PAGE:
Updated: January 25, 2013 9:37PM
INDIANAPOLIS (AP) — A mastodon skeleton unearthed in northeastern Indiana 15 years ago has gone on display at the Indiana State Museum following meticulous conservation work to assemble the giant beast’s skeleton and replace a few missing bones.
The hulking skeleton of the elephant-like animal that lived some 13,000 years ago was unveiled Thursday night at the Indianapolis museum. It stands about 9 feet tall and is 25 feet long, sporting an impressive set of tusks.
Allen County resident Dan Buesching and his family were among the first visitors to see the fully assembled skeleton, which has been named Fred. They joined a crowd of donors, museum and paleontology experts at the exhibit’s opening.
Buesching dug up Fred’s bones in 1998 in a peat bog at the family’s Buesching Peat Moss & Mulch farm in Allen County. His find included the animal’s 250-pound skull.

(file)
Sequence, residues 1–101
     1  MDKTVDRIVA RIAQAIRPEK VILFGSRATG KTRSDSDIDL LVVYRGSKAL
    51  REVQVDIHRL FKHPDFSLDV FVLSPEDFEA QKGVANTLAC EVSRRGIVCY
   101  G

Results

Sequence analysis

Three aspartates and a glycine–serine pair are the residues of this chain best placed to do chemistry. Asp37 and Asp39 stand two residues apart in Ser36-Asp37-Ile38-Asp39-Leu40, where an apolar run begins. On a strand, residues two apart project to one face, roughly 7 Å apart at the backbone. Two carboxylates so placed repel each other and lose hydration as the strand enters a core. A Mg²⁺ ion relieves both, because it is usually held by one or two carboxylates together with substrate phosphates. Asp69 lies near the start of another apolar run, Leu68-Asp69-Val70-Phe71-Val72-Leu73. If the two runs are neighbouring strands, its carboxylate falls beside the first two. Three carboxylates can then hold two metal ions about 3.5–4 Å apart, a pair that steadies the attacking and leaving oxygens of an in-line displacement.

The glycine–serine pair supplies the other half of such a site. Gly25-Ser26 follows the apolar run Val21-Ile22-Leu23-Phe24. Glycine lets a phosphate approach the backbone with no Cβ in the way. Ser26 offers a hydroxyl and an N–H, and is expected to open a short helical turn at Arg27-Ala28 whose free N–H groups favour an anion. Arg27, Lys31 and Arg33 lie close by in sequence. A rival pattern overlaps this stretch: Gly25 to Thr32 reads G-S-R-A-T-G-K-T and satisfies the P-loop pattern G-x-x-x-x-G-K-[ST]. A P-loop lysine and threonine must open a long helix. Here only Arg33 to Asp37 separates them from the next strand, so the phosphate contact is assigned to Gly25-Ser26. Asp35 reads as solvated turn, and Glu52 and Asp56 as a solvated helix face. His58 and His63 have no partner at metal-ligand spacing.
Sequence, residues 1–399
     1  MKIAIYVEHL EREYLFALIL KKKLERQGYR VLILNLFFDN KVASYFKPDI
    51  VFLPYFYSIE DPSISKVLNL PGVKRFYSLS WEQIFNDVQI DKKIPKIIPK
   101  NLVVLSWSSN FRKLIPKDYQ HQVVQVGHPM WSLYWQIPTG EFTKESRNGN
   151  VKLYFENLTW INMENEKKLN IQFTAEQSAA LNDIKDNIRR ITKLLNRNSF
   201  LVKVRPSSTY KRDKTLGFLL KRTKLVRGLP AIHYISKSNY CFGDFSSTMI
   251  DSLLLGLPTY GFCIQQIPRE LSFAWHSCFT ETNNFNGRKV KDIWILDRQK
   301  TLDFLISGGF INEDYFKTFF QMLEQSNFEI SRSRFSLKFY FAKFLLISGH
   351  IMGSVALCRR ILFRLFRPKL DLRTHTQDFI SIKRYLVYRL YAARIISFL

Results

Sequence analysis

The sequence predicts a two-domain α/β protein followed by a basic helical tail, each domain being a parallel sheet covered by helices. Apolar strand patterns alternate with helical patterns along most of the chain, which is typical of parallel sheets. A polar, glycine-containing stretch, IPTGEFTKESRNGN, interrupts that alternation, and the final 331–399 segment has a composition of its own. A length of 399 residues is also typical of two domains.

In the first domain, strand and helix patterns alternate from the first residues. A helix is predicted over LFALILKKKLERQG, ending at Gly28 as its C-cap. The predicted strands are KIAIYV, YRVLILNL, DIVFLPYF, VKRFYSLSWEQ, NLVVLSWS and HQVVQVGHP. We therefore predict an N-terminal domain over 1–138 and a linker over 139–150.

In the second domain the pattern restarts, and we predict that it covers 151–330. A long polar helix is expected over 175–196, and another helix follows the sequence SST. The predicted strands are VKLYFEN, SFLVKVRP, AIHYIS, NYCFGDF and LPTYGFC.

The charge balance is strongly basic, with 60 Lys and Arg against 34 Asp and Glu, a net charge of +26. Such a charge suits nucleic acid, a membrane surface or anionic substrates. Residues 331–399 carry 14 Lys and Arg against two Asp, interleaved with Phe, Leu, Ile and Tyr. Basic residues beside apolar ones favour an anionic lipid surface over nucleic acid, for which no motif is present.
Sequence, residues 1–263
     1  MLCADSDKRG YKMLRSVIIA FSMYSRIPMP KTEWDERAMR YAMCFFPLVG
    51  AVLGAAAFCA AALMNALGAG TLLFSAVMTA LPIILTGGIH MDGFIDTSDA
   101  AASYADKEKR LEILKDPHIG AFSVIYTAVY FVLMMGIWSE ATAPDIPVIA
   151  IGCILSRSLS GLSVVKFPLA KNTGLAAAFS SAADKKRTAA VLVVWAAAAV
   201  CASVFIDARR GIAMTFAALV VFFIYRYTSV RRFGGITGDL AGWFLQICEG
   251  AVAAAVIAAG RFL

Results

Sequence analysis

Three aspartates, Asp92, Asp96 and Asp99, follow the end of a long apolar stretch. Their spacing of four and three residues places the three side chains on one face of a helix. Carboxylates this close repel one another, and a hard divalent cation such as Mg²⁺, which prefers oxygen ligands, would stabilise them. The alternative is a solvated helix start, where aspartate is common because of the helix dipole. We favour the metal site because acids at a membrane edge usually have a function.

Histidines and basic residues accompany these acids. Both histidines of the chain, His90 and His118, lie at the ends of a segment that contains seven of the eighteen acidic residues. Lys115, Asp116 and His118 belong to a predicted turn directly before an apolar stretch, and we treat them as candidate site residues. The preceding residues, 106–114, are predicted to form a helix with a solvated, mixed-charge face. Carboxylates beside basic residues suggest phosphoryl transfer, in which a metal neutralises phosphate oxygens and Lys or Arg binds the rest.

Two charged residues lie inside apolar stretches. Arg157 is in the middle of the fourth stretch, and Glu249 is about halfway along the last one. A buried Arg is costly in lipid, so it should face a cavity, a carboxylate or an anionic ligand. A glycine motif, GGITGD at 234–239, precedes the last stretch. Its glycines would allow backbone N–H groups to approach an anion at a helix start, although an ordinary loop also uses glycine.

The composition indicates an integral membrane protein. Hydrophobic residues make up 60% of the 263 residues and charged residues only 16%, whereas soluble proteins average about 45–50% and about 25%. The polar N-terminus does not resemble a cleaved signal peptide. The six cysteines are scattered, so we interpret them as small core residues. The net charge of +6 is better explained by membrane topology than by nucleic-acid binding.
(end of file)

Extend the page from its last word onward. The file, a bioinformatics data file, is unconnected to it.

Buesching donated the partial skeleton to the state museum in 2006, and a fundraising drive that raised more than $200,000 paid for it to be assembled and mounted on a customized metal frame. He told The Indianapolis Star during Thursday night’s opening that he’s impressed by the result.
“It makes you feel pretty small knowing something that old was there,” he said. “Kind of puts you in your place.”
Ron Richards, the state museum’s paleontology curator, said the Buesching family spent thousands of dollars helping excavate the skeleton before donating it to the museum. He said a branch of the family also donated $20,000 to finance the mounting for the tooth-filled skull.
Richards and his team built casts of some of the mastodon’s missing bones to recreate its full skeleton.
“We built it from the toes up,” he told The Journal Gazette.
Museum officials said the skeleton is thought to be one of the most complete — if not the most complete — mastodon skeleton found to date in the Midwest.
About 85 percent of Fred’s 300 bones are real. Typically, fewer than 50 percent of a mastodon’s bones are found.
“It’s just unbelievable to see,” said Bill Browne, chairman of the museum board. “You don’t often see full bone-mounted skeletons.”